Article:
Cody had fought the Indians many times as a scout, and it seems he had a rather paternalistic and even racist view of them, but he was never short of willing Indian performers for his show, and even had Sitting Bull appear for one season.
What the Indians thought of it all is, unfortunately, unknown.
The Buffalo Bill show at Disneyland Paris raises some interesting questions. Why did they choose this show? What image are they trying to present by using this show?
The Disneyland website states this;
A unique dinner- show in Europe! Exceptional atmosphere
A herd of wild buffalo, authentic cowboys and Native American Indians, Buffalo Bill and Sitting Bull in a grandiose arena showing you how the West was won. Relive the conquest of the West with a perilous stagecoach attack, gunfight, showdowns, trick riding displays and Annie Oakley's shooting demonstrations .all the while enjoying a Texas-style barbecue. Become a pioneer for an evening and take your own cowboy hat back home!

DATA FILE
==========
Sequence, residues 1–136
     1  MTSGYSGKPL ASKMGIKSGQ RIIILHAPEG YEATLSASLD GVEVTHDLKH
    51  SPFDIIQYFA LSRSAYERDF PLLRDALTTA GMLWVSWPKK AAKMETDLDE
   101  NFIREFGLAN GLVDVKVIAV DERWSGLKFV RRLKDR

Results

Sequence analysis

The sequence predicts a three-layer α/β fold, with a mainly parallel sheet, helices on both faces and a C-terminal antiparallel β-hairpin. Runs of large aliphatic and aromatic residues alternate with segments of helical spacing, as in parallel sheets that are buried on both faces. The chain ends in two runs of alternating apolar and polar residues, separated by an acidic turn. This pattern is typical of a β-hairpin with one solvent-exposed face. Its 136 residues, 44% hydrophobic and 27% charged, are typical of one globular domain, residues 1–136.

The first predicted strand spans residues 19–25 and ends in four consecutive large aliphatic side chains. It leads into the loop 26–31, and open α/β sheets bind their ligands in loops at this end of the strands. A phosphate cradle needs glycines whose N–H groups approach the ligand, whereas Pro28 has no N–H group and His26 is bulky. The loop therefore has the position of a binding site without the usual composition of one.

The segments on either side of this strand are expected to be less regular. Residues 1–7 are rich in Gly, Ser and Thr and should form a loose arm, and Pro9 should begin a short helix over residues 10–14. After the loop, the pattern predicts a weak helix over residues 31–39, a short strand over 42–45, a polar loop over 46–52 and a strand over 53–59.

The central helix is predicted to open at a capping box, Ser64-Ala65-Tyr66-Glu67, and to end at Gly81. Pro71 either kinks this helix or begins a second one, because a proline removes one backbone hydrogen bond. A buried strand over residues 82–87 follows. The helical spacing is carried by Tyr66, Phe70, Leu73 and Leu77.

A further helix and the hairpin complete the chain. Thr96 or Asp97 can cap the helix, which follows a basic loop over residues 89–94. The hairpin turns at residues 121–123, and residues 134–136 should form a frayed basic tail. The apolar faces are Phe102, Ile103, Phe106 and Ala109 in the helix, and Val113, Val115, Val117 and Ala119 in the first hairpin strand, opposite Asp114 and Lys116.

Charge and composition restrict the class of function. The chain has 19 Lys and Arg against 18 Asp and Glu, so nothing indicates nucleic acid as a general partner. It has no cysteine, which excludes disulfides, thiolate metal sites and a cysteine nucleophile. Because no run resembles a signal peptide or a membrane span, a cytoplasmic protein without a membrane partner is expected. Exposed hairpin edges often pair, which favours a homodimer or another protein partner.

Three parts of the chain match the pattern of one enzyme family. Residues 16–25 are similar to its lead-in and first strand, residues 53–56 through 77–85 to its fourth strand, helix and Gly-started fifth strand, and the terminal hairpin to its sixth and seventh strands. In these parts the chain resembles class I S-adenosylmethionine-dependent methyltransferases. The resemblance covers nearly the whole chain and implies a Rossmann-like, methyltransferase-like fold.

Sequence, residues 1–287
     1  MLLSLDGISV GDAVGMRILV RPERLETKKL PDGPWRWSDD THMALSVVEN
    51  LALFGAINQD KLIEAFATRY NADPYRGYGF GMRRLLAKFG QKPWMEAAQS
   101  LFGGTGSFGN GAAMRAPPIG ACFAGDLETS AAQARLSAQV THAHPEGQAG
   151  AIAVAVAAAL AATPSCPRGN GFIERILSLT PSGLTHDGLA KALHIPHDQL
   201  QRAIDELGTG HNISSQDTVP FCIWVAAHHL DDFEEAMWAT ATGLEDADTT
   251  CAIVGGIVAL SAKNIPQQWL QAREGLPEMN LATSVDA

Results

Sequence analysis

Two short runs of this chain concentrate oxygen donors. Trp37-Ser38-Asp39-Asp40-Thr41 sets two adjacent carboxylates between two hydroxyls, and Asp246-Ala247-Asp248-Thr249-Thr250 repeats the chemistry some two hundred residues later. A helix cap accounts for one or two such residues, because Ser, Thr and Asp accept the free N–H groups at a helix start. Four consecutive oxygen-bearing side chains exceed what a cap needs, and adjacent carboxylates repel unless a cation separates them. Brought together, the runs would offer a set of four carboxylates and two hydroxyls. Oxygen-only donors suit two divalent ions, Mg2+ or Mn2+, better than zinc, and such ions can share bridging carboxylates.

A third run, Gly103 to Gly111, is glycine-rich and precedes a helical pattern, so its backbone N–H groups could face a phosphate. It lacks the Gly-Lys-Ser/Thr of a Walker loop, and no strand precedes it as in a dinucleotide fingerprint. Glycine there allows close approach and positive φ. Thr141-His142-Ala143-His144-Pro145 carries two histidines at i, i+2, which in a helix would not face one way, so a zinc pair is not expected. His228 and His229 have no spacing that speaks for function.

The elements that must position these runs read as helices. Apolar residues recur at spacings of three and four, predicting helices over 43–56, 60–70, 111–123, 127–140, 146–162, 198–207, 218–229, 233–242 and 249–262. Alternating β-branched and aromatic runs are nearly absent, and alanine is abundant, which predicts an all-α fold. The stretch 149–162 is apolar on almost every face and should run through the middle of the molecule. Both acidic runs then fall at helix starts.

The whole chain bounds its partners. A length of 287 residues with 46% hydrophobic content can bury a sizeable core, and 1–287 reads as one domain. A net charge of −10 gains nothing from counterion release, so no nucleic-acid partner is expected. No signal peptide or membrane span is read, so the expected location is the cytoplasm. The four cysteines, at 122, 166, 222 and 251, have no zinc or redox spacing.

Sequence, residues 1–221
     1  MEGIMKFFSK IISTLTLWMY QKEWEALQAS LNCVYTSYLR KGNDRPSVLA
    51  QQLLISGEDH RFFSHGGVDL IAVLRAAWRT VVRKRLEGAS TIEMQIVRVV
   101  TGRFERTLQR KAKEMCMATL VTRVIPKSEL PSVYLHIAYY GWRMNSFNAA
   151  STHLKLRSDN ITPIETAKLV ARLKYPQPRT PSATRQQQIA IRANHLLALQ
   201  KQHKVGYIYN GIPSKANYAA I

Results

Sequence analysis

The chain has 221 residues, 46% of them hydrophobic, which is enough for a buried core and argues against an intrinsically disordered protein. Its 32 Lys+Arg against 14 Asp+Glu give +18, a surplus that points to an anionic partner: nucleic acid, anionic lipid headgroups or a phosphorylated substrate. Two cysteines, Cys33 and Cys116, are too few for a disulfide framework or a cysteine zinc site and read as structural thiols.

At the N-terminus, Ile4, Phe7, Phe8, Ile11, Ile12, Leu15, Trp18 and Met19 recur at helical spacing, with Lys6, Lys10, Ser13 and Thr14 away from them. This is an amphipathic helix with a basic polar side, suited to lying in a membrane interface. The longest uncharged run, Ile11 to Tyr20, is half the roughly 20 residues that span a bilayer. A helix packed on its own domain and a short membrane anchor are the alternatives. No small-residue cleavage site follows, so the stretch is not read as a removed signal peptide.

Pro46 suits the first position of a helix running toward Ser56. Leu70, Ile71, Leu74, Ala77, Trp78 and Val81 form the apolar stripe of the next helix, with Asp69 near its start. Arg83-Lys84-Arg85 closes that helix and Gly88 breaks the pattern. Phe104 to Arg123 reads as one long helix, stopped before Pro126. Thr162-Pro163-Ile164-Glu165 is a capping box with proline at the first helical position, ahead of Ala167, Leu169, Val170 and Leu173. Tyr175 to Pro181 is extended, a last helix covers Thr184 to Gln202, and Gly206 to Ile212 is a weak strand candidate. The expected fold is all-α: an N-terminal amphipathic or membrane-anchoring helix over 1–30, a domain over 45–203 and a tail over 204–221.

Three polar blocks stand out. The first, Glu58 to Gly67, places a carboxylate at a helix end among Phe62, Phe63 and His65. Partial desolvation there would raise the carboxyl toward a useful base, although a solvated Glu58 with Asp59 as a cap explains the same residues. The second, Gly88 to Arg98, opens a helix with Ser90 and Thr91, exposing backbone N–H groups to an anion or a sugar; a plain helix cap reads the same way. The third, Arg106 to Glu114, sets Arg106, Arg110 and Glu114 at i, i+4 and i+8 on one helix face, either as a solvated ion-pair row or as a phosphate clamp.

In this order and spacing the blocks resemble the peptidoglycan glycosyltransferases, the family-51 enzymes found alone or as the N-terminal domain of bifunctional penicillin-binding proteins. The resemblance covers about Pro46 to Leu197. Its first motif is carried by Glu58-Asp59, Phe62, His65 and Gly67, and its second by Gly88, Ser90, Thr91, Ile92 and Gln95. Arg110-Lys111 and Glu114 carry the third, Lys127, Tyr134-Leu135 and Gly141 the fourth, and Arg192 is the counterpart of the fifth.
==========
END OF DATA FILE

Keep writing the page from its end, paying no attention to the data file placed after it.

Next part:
The Disney Park also contains ‘Frontier land’, which promises an authentic western experience. It is interesting that they chose the West, rather than anything else, to depict America.
In essence, Buffalo Bill epitomizes the problem of how we view the American West. In a cynical age, we may state that Cody was just a showman, and forget that he actually did live the frontier life. Another side is to accept the Wild West portrayed in the show as real, when it wasn’t.
Few today would claim that the show had an educational value, but people in Cody’s time had no chance to view the West firsthand. Are we right to devalue their experience?
Where do we draw the line between fiction and reality? If, as Slotkin argues, America history and popular culture really are so blurred, does it matter that, for many people a hundred years ago, Buffalo Bill’s Wild West was the American West?